• Even if you can survive the viewing process to find a suitable place, it isn’t the same power balance I was used to. You aren’t just viewing the room – the landlord is judging you. Your dossier of necessary information (an endless list of documents I never seemed to acquire) is like an application for the hardest job ever, with a very depressing success rate.
  • If you happen to find a place in a slightly less ‘contractually clear’ situation, like myself (think, the lack of a firm contract and an unclear rental status in the eyes of the building or bank), then other logical steps are blocked. No helpful documentation for a bank account. No possible application for CAF (some mythical subsidy from the government towards rent. Have yet to find a student whose application was processed or who received the payments within their year abroad time frame, given how ridiculous the process is).
  • Living with strangers isn’t always a dream come true.


I’m just going to go ahead and confirm it; every stereotype you may have heard about Parisians being rude is very true, in my experience so far. Luckily, Paris is also full of non-Parisians who happen to be lovely. I think the fact that I say please, thank you and smile at people is generally a huge neon sign that I’m not Parisian in the slightest sense.

I also have found it hard to accept that I’m not having the year-long holiday I expected or hoped for. Some people genuinely seem to be having the time of their life, travelling all around Europe each weekend or doing tequila shots in a karaoke bar every evening of every week. I guess I need to realise that everyone sees situations differently, regardless of how similar they may look on paper. Perhaps they have a better outlook on the whole experience. It should be motivation to make the most of this situation, before I’m back in Birmingham, lost in a final year rush.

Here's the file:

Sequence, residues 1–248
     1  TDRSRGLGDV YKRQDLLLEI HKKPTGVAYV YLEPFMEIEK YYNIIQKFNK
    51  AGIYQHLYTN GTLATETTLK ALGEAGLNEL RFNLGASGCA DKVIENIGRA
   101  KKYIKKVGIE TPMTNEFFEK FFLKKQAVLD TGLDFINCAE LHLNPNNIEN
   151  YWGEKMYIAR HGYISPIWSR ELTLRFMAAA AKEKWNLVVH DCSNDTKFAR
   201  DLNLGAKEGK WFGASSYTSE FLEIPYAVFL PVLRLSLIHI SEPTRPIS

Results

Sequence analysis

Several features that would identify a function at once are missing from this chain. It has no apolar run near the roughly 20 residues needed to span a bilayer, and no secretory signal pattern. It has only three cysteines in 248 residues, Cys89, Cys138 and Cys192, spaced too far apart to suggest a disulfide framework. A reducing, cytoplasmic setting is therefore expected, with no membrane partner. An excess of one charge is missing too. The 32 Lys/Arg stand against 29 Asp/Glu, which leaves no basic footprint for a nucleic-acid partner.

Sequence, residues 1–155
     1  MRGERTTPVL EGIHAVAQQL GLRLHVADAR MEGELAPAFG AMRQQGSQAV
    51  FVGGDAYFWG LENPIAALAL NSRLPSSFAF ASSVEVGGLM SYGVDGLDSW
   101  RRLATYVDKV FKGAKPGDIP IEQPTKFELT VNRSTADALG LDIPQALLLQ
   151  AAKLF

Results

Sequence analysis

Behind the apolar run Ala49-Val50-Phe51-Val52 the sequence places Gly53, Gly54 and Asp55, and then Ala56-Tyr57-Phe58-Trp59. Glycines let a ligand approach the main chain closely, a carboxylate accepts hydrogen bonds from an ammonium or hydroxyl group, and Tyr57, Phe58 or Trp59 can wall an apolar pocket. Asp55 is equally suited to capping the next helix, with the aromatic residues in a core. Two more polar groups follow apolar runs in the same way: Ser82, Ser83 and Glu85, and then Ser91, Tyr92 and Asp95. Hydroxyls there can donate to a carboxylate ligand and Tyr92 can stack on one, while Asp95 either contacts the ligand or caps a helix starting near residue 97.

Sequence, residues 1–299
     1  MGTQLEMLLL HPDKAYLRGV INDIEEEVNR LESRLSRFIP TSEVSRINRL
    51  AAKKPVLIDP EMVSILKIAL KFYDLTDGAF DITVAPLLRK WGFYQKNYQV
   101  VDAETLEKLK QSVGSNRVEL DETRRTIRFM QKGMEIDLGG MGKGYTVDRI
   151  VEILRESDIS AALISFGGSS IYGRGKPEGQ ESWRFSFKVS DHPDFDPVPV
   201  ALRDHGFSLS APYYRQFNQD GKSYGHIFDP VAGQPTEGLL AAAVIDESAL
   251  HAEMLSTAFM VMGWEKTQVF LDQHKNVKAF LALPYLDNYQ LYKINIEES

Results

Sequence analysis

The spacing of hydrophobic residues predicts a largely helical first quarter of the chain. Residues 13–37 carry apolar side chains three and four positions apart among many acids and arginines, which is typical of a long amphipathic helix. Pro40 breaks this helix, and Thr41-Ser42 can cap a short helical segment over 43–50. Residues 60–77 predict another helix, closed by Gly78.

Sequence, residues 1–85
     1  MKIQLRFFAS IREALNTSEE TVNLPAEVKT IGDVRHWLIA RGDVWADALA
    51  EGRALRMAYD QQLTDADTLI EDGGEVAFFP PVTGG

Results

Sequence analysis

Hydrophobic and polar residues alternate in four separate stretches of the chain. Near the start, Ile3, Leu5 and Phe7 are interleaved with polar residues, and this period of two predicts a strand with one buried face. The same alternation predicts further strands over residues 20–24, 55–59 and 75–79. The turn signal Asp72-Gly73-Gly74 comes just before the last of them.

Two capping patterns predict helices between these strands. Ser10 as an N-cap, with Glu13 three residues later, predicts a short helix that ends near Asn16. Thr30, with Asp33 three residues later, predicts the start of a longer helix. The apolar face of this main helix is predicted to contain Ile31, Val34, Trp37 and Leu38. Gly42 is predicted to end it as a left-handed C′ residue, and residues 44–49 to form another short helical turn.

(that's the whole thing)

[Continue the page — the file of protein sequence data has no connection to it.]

& Finally

Some final tips I would have wanted? Learn the word for a corkscrew. Don’t waste time avoiding the metro card application form. Try not to stress over a system that clearly isn’t designed to work. Accept that some people just really don’t want to help…

I’m still vaguely convinced that somehow I’m part of a sitcom and somewhere there is an audience laughing at my pain. At least I never know what to expect. 112 days remain of this experience; plenty of opportunities for lots more croissants.

2 thoughts on “The Ultimate Erasmus Survival Guide: What doesn’t kill you…

  1. Once again a masterpiece! Hindsight is a beautiful thing, there’s a lot of things I wish I’d have known… but cant change the past, look towards and enjoy the next 112 days! Also everyone else obviously has a tonne more money than us!! haha. Love you xxxxx


  2. Think you should give seminars for future english students wanting to have their year abroad in Paris – your “lessons learnt” will be invaluable to them! Lee


Leave a Reply

Fill in your details below or click an icon to log in: Logo

You are commenting using your account. Log Out /  Change )

Twitter picture

You are commenting using your Twitter account. Log Out /  Change )

Facebook photo

You are commenting using your Facebook account. Log Out /  Change )

Connecting to %s

This site uses Akismet to reduce spam. Learn how your comment data is processed.